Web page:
Meredith Whitney Wins Early Victory in Fund Survival War

Meredith Whitney won an early victory in the fight to save her hedge fund as a judge said investor payments can resume while billionaire Michael Platt seeks to recoup his stake.

Platt’s BlueCrest Capital Opportunities Ltd., the biggest investor in Whitney’s hedge fund, is suing Whitney, saying she refused an October request to return its investment, now worth $46 million. Whitney’s American Revival Fund slid 11 percent last year through November while the S&P 500 rose almost 12 percent. Platt in 2013 helped Whitney start her firm, Kenbelle Capital, by investing $50 million.

New York State Supreme Court Justice Jeffrey K. Oing on Wednesday lifted a ban he imposed two days earlier blocking Whitney’s fund from paying investors. After a hearing, he also denied a bid to order Whitney’s firm to honor Platt’s redemption request pending the outcome of the suit. He said BlueCrest acknowledged in transaction papers it can afford to lose its investment and that granting the request would essentially shutter the fund.

“I’m not quite convinced that there’s a redemption right that’s ripe at the moment,” Oing said. “Essentially I would be causing a run on the bank.”

The court hearing was the second in a lawsuit filed just last week, after an earlier case was brought in Bermuda. Whitney, 45, shot to fame as a banking analyst after warning in 2007 that Citigroup Inc. would have to cut its dividend, months before most saw the financial crisis coming.

‘Seed Money’

Whitney has argued in court papers that the lawsuit is a “blatant attempt” to dissolve her fund and the stake was “seed money” that can’t be redeemed for two years under agreements between the two parties. BlueCrest says it can ask for its investment at any time.

“We have the right to redeem,” Corey Worcester, a BlueCrest attorney, said in court. “We just do. With no lockup period.”

Worcester declined to say after the hearing whether BlueCrest would appeal. Stanley Arkin, Whitney’s lawyer, said such an attempt would be “feckless.”

“We won hands down in every respect,” Arkin said in a phone interview.

According to court filings, Platt’s request came after BlueCrest’s value dropped by about half, with additional losses projected after the departure of Leda Braga, the head of computer-based trading who left to start her own firm. Braga now manages more money than any other hedge fund run solely by a woman. Her main fund, the $8.4 billion BlueTrend, returned 9.5 percent in January, one of the biggest gains for hedge funds globally.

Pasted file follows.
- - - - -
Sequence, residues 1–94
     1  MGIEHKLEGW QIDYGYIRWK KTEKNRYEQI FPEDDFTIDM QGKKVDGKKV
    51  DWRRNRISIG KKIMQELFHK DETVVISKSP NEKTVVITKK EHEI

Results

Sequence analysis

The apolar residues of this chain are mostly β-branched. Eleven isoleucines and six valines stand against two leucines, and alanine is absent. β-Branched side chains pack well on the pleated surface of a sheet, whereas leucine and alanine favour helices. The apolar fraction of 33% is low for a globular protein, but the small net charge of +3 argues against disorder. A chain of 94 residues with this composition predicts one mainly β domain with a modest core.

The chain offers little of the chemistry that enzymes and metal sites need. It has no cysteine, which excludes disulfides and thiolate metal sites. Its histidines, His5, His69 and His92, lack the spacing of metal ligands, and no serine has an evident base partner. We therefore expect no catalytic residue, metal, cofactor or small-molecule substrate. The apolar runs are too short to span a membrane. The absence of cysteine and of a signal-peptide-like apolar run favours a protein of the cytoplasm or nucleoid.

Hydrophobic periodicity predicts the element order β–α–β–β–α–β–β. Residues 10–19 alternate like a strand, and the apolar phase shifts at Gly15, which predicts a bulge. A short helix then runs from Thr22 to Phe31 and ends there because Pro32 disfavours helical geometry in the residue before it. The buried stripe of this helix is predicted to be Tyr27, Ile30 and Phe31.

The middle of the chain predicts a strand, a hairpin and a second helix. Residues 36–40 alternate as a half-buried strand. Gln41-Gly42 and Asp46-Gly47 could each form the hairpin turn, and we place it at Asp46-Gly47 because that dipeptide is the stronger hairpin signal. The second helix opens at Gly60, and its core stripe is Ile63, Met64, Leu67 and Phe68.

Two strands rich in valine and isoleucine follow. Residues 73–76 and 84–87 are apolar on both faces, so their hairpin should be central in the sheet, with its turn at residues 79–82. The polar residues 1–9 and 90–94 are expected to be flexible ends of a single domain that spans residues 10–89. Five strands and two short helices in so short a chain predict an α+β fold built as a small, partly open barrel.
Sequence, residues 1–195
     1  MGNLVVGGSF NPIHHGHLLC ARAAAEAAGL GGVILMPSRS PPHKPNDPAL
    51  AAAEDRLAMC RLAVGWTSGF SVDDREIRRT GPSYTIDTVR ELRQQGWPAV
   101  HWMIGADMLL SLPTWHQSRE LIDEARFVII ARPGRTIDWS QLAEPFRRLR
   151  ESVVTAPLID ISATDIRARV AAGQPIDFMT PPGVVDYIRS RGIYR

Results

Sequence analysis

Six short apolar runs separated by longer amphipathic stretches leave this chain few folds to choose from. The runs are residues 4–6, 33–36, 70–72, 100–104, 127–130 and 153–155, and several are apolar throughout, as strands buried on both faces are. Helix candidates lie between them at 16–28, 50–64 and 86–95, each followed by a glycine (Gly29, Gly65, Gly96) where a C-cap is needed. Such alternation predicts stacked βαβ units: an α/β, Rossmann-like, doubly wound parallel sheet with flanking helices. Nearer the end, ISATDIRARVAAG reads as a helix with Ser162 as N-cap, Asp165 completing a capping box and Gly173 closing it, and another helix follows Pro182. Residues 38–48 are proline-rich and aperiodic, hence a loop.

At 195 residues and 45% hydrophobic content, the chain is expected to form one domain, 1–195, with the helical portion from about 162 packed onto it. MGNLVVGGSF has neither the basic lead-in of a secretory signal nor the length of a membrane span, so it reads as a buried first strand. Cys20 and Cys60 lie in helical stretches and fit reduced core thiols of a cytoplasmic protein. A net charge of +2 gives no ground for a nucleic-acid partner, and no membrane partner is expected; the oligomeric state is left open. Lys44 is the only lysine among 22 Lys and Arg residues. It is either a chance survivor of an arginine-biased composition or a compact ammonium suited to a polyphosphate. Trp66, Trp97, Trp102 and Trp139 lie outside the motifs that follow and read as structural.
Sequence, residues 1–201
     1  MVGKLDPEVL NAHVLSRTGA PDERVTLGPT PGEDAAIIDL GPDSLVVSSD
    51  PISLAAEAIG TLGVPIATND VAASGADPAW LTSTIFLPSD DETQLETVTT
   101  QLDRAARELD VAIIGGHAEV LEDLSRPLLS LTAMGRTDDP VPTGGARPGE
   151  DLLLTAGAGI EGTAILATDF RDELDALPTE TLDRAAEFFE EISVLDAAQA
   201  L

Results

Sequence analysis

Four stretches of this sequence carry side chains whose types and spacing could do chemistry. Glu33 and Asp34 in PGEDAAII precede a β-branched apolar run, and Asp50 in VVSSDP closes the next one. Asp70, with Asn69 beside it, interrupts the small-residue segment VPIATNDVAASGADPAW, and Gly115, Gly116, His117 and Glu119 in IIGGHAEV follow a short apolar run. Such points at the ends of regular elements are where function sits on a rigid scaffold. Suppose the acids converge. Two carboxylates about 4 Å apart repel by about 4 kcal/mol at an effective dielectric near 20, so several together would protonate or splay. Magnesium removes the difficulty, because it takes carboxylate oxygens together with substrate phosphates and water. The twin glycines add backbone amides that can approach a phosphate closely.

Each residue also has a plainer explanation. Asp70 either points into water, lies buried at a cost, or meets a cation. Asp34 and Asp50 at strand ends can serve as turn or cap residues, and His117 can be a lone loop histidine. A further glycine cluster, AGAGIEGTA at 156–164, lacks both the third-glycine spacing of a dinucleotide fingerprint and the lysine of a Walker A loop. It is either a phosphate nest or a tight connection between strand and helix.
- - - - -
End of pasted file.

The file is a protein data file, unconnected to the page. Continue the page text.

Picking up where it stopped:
Tried To Call

Whitney said in an affidavit filed in court that she immediately e-mailed Platt after getting the redemption notice, and that Platt responded that he tried to call and that the request was “retractable.”

Whitney said she e-mailed BlueCrest on Nov. 7 to say the request couldn’t be honored because her fund hadn’t violated terms of its contract. Two weeks later, Platt told Whitney that BlueCrest can do anything it wants because it wrote the contract, according to Whitney.

Whitney said she explained that returning money would damage outside investors, to which Platt responded, “What do you have in outside money, one dollar, two dollars?” according to Whitney.

“The conversation ended with Mr. Platt when I stated that his early redemption request was not legal,” Whitney said. “He said then he would let the lawyers deal with it.”

‘Graceful Solution’

Whitney said she got a call the next day from BlueCrest’s chief legal officer, Paul Dehadray, who wanted to find a “responsible, graceful solution.” Three days later, she said, she didn’t respond when Dehadray told her BlueCrest would allow her to retain the investment if she could guarantee losses. A week later, BlueCrest said it would sue, she said.

Before it did, Martin Newsom, a mutual friend who had introduced the two in 2008, contacted Whitney through text, phone and Snapchat messages because Platt had asked him to pursue a last-ditch effort at resolving the dispute, she said.

Whitney said Newsom told her Platt, a billionaire, could “crush” her and ensure she’ll “never be able to raise or manage money again,” she said in her affidavit. “I responded that his actions thus far had all but solidified that damage already.”

Whitney added that BlueCrest has done “everything it could” to damage Kenbelle, including pressuring the fund’s administrator to withhold management fees.

The case is BlueCrest Capital Opportunities Ltd. v. Whitney, 650494/2015, New York State Supreme Court, New York County (Manhattan).

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